Without going over the specific findings of the auditor in detail, we think that upon the statements of the report the judge was warranted in finding that the plaintiff furnished to the defendant's testator, the board and money for which he was allowed to recover, not as a gift, but with the expectation that it was to create a liability on the part of Nold for its repayment, and knowing and relying upon the fact that Nold had property more than enough to repay him. And in spite of the statement made by the auditor as to the seventh of the plaintiffs requests for findings, [Note p52] we are of opinion that upon the other facts found

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by the auditor the judge was warranted in finding that Nold did not understand that what he received from the plaintiff was intended as a mere gratuity. No doubt the judge might have made contrary findings, but these were questions of fact upon which the findings made are conclusive. Thurston v. Perry, 130 Mass. 240. And if these facts were found by the judge it could not have been ruled as matter of law that the plaintiffs right to recover from Nold in his lifetime, or from the defendant as Nold's executrix after his decease, was taken away by the fact that the plaintiff expected that his actual reimbursement would come through his wife's inheritance from Nold, and accordingly did not in fact look forward to obtaining reimbursement from any other source. As long as the legal right to reimbursement existed, we do not think that the plaintiffs right could be affected by the fact that he did not expect to stand upon this legal right, but was willing to refrain from enforcing it for the increase of his wife's expected, inheritance. Baxter v. Gray, 4 Scott N. R. 374. These parties did not become members of one family, as in Kirchgassner v. Rodick, 170 Mass. 543, Livingston v. Hammond, 162 Mass. 375, and Spring v. Hulett, 104 Mass. 591. Nor did it appear, as in Livingston v. Hammond, that the plaintiff began to assist Nold merely from motives of charity or of family affection. The beginning of their relations was put upon a distinctly pecuniary basis, when it was agreed that Nold should at his own expense construct an addition to the plaintiff's house and be allowed to occupy this addition for life without further charge.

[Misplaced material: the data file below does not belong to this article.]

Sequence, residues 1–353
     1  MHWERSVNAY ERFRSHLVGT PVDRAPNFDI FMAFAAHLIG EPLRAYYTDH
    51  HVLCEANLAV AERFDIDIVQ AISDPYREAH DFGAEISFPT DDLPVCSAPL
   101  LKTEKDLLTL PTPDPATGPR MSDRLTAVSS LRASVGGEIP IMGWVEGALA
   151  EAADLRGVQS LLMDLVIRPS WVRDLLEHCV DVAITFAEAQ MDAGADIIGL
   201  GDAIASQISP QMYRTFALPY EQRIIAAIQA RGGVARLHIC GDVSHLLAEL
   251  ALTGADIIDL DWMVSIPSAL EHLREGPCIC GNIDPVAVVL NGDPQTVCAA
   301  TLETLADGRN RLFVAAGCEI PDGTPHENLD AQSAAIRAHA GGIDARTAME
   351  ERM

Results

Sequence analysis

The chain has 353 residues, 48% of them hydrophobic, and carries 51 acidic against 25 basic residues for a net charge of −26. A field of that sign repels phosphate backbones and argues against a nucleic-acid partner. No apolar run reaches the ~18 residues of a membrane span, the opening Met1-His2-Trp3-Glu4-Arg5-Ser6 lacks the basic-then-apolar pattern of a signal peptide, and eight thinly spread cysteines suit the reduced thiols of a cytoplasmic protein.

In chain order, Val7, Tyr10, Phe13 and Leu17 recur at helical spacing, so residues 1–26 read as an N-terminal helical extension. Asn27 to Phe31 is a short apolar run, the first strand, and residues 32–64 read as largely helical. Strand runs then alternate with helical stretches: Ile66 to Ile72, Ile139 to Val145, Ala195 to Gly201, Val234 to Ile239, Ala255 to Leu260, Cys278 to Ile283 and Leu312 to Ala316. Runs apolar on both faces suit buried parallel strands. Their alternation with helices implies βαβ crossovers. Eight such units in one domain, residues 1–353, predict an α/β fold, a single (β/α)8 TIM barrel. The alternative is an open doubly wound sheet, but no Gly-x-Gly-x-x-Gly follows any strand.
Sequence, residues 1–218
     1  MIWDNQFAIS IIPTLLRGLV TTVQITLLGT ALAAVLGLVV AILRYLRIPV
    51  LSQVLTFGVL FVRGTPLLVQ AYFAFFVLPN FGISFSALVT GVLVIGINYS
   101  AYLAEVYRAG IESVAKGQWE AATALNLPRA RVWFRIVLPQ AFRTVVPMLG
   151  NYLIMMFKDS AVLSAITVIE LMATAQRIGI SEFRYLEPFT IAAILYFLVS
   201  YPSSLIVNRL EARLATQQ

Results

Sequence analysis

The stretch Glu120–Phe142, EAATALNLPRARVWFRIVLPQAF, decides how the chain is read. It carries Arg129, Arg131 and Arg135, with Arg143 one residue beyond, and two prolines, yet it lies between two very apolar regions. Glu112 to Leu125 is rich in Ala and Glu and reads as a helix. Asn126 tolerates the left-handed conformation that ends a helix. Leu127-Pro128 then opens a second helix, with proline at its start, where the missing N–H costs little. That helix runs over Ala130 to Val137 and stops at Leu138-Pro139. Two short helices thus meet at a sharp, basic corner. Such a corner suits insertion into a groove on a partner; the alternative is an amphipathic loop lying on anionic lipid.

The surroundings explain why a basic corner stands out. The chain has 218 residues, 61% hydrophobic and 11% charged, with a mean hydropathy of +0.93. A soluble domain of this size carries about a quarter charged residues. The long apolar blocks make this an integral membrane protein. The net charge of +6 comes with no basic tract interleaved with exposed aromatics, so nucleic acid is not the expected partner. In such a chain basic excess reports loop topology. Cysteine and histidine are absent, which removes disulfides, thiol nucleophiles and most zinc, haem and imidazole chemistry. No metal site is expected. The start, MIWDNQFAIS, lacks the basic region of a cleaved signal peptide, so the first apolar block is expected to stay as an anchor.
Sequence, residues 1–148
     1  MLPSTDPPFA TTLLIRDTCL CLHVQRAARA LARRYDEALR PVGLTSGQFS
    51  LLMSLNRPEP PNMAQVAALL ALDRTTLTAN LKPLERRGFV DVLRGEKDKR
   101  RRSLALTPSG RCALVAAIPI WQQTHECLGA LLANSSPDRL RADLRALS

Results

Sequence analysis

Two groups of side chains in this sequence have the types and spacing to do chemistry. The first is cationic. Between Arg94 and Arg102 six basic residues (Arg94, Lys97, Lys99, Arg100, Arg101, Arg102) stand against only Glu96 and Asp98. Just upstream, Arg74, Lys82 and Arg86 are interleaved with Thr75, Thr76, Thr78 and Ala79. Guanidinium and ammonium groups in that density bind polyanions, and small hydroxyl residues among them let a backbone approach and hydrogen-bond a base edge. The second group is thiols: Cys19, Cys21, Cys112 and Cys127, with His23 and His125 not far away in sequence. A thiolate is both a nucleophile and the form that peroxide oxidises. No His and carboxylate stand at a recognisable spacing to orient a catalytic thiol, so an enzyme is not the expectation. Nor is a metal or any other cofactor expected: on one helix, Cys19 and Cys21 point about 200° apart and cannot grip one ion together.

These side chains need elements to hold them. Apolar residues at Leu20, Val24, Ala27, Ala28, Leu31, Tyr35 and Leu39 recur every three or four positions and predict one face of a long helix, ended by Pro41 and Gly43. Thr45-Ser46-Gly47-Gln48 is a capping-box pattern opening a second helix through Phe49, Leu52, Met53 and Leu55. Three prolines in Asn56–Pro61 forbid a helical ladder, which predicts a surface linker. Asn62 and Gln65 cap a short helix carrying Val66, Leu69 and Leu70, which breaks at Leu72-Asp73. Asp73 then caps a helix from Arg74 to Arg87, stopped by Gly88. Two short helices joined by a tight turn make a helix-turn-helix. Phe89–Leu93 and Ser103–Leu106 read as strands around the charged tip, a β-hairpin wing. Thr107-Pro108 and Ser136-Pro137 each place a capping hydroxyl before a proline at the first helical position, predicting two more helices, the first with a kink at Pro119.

We cannot doubt that from the specific findings of fact made by the auditor the judge had the right to draw inferences of fact contrary to those drawn by him. Livingston v. Hammond, ubi supra. Peaslee v. Boss, 143 Mass. 275. Emerson v. Patch, 129 Mass. 299.

Exceptions overruled.

E. N. Hill, for the defendant.

G. W. Anderson, (E. H. Ruby with him,) for the plaintiff.


[Note p51] The plaintiff's wife was the only child of Max Nold, the defendant's testator.

[Note p52] The seventh finding requested by the plaintiff was as follows:

"That the money, provisions, and board furnished by the plaintiff to the said Nold as hereinabove set forth were furnished by him with the distinct purpose and intention that the same should not be a gift or gratuity to Nold, and that Nold knew or as a reasonable man ought to have known that the plaintiff did not intend to make him a gift or gratuity thereof, and that as a result if Nold had during his lifetime attempted to dispose of his property as a gift to a third person, such disposition would have been in fraud of the rights of the plaintiff as a creditor, voidable by him, and that the disposition by will after his death stands upon the same footing."

In regard to this the auditor said: "In reference to the plaintiffs seventh request for a special finding I do not feel justified in making it."